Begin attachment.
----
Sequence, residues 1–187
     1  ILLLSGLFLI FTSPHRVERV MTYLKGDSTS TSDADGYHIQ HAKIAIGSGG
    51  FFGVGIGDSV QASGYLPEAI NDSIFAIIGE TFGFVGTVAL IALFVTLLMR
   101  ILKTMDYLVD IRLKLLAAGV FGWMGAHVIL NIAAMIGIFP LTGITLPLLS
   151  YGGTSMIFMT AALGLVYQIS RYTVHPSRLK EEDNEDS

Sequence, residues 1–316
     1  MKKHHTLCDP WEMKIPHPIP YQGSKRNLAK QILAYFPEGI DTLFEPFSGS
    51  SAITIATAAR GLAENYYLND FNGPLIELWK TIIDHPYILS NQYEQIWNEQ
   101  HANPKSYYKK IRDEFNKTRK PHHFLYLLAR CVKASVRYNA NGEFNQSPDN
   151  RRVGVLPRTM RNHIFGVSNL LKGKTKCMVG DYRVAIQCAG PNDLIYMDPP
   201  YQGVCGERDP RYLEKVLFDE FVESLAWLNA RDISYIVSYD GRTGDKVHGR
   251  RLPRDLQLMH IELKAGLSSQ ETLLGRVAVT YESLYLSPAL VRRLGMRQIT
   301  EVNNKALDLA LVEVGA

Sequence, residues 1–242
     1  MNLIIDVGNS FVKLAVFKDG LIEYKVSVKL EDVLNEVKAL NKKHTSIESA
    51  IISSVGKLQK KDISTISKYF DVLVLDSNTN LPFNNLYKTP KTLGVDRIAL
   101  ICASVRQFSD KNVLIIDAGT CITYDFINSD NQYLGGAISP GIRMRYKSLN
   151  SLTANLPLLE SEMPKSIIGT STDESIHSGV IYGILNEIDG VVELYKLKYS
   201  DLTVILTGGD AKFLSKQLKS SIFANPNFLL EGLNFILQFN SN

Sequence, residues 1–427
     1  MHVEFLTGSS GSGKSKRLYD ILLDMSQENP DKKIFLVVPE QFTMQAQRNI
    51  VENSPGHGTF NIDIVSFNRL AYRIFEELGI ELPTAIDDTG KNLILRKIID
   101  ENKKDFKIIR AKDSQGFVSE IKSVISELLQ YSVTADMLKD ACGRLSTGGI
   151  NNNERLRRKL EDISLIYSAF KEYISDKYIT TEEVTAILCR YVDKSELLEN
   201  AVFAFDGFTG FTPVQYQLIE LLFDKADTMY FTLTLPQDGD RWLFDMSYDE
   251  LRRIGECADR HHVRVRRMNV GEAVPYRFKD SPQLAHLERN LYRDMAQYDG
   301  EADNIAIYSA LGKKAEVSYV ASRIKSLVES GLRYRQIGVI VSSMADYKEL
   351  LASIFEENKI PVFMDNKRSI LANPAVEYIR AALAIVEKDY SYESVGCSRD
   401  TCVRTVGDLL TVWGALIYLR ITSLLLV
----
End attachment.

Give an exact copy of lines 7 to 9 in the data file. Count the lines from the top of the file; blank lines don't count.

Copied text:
     1  MKKHHTLCDP WEMKIPHPIP YQGSKRNLAK QILAYFPEGI DTLFEPFSGS
    51  SAITIATAAR GLAENYYLND FNGPLIELWK TIIDHPYILS NQYEQIWNEQ
   101  HANPKSYYKK IRDEFNKTRK PHHFLYLLAR CVKASVRYNA NGEFNQSPDN